May 13, 2013 | 32 comments
February 8, 2013 | 146 comments
January 21, 2013 | 26 comments
January 8, 2013 | 2 comments
December 10, 2012 | 51 comments
(Page 5 of 7)
“I hate my medicine,” said Darien, defiantly.
“I don’t even take it,” said Jared. “I hide it under my tongue and spit it out.” He suddenly looked around to see if he had revealed a dark secret.
“That doesn’t work,” said Tom Brown glumly. “It gets into your system anyway. If you don’t take it, they know from your urine check.”
Newman regretted bringing up the subject. He was puzzled at the way he always took the side of the authorities when he took a group of boys to the woods, even though he might secretly be on their side. It was something about being an adult and wanting to see order maintained in the world, even if you didn’t entirely agree with it.
“Come on, let’s keep going,” he said, trying to break the mood of glum reverie. “We’ve still got a half-hour’s climb. Let’s keep our voices down. If you’re really quiet, we might see a bear.”
“Wow! Really? Hey, that’s great.”
Once more the boys silently fell in line.
IT WAS IMPORTANT to reach boys like this before they fell into The Void, thought Newman. Ever since the Department of Gender had declared pregnancy to be a “disability” in 2045, things had fallen apart in the Old America. Girls as young as 16 were getting pregnant on the premise that it was better to get your childbearing years out of the way early so you could pursue a career in your 30s. Newman had been teaching in high school at the time and saw it happening right under his nose. Waves of pregnancy would sweep through the tenth grade like an outbreak of head lice. Within weeks half the girls in the class would be proudly raising their hands, asking to be excused for morning sickness. It usually started with the daughter of a single mother or some wallflower who feared no one would ever like her. It spread form there. Some of the prettiest girls tried to hold out, saying they wanted husbands, but the peer pressure was enormous.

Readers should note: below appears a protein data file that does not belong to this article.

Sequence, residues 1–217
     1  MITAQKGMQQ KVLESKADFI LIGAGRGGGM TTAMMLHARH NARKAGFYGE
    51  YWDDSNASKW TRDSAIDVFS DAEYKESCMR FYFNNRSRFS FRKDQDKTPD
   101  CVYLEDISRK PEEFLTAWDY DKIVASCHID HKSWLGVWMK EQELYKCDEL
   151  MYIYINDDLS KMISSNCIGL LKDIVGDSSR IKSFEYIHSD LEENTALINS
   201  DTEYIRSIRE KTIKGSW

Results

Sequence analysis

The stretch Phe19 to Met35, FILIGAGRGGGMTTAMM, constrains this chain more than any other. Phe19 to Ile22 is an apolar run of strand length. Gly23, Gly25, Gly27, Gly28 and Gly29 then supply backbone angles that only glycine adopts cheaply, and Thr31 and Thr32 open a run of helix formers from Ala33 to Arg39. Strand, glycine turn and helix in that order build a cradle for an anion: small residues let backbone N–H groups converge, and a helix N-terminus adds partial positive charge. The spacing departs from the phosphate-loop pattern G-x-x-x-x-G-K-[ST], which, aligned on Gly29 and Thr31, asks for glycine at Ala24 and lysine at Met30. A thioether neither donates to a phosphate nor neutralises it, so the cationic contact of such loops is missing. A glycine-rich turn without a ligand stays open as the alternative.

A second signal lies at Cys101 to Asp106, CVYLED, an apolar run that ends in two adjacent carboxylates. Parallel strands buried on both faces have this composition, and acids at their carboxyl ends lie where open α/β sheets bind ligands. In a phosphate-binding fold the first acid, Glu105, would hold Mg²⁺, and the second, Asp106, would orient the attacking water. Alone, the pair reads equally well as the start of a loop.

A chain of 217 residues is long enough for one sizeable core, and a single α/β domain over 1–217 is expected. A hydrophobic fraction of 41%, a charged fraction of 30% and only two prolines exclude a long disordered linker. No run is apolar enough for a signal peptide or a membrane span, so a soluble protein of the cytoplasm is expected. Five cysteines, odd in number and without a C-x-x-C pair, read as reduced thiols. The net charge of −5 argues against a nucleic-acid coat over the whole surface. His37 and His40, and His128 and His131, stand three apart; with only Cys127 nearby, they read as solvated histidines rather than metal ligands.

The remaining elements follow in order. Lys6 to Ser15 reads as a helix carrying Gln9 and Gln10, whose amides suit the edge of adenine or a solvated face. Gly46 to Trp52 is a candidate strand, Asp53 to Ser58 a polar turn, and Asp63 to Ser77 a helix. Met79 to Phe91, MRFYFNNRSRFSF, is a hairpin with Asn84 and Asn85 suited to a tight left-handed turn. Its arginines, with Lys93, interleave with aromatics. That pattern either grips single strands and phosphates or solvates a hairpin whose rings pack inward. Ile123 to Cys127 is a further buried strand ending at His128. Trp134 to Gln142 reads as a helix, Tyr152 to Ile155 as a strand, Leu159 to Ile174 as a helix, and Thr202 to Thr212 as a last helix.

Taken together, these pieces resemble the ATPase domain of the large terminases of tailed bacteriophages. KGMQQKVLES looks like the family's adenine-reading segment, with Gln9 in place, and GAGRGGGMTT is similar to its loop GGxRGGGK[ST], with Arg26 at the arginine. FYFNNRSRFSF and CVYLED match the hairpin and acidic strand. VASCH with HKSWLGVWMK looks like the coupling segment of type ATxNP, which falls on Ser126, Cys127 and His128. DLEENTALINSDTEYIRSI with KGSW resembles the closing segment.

The boys claimed to have nothing to do with all this. In fact, the suddenness of the epidemic often gave rise to the rumor that girls were able to impregnate themselves. “Are you sure you have to have sex to have a baby, Mr. Newman?” one bewildered freshman had asked him after school one day. “Look at that girl that sits right behind me. She’s ugly. No one would ever sleep with her, would they?” It didn’t take Newman long to realize these suspicions were not entirely unfounded. The pregnancy epidemics, it turned out, were often driven by rumors that the county sperm bank had received a new supply from some well-known rock singer or famous athlete. It was only months or years later that the new mothers would discover the rumors to be unfounded.
And so, marriage had become essentially a thing of the past. The girls and boys still talked about it as if it were some grand initiation rite waiting for them in adulthood, but it had no bearing on their lives. As the late-night comedians were saying, “It’s a good thing we have gay marriage or nobody would be getting married at all.”
“Mr. Newman, can we play manhunt tonight?” Darien’s voice rose out of the chatter behind him, interrupting his thoughts.
“If you guys get all set up, get your tents up right, gather firewood, cook a meal, clean up afterwards, then you can play manhunt. If it’s not too dark.”
“Oh, we want to play in the dark. It’s more fun,” said Jared.
“Alright, if you’ve got flashlights. Did everyone bring a flashlight?”
“I didn’t bring a flashlight,” said Squirrel, morose as ever.
A man of faith in a godless age is hitting Americans where it hurts.
Mr. and Mrs. American Spectator Reader, let P.J. O’Rourke talk sense to your kids.
In Britain, defending your property can get you life.
The debacle of this president’s administration is both a cause and a symptom of the decline of American values. Unless Congress impeaches him, that decline will go on unchecked. An eminent jurist surveys the damage and assesses the chances for the recovery of our culture.
It won’t take long for conservatives to scratch this presidential wannabe off their 2008 scorecard.
The American Christmas, like the songs that celebrate it, makes room for everybody under the rainbow. Is that why so many people seem to be hostile to it?
Was the President done in by the economy, or by the politics of the economy?
H/T to National Review Online